Results A total of 100 patients were included in the study; 59 patients were admitted due to various reasons secondary to alcohol intake. A score of >4 was suggestive of alcohol dependence: 73% (73) of the participants had a score of >4; 65% of the participants’ family members gave a positive history of impaired interpersonal relationships; 45% gave a positive history of battering; and 69% had mental health issues such as depression, lack of confidence, inferiority complex, and decreased sleep. Also, 51% (51) gave a positive history of financial contribution by the participant toward the family expenses.

Conclusion The study shows that the problems of alcohol abuse have been associated with increased suffering to the family members, which contributes to a high level of interpersonal conflict, domestic violence, financial difficulties, and psychological disturbances, along with increasing the risk of developing comorbidities associated with alcohol abuse by the individual, which further adds to burden of the family.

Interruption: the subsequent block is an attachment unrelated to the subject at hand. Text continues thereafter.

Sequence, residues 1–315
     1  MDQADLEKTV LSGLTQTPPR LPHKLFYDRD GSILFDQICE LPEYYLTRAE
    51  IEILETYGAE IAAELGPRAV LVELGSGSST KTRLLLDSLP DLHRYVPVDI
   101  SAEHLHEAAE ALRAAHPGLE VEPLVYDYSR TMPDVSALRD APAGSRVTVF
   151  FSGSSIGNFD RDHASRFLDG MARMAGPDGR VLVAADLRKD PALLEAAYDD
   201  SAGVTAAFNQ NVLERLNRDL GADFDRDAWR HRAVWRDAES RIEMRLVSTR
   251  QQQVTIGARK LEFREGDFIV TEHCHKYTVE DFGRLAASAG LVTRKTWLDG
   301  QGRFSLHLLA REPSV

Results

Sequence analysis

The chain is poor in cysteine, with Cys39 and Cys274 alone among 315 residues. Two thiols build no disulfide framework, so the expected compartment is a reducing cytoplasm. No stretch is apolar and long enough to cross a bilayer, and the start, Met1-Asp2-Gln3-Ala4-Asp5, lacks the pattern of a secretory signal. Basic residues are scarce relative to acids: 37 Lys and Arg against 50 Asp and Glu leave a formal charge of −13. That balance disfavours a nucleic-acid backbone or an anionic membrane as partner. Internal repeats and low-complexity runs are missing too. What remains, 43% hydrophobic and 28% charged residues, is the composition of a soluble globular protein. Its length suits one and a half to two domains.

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Introduction

Alcoholism is defined as a diseased condition due to the excessive use of alcoholic beverages. According to the American Psychiatric Association, the three criteria for diagnosis of alcoholism includes: (1) hand tremors and blackouts, (2) obsessive desire to drink, and (3) behavioral problems affecting work life.[1] Alcohol dependence syndrome is defined as “a cluster of physiological, behavioural and cognitive phenomena in which the use of a substance takes a higher priority for a given individual than other behaviours that had great value.”[1]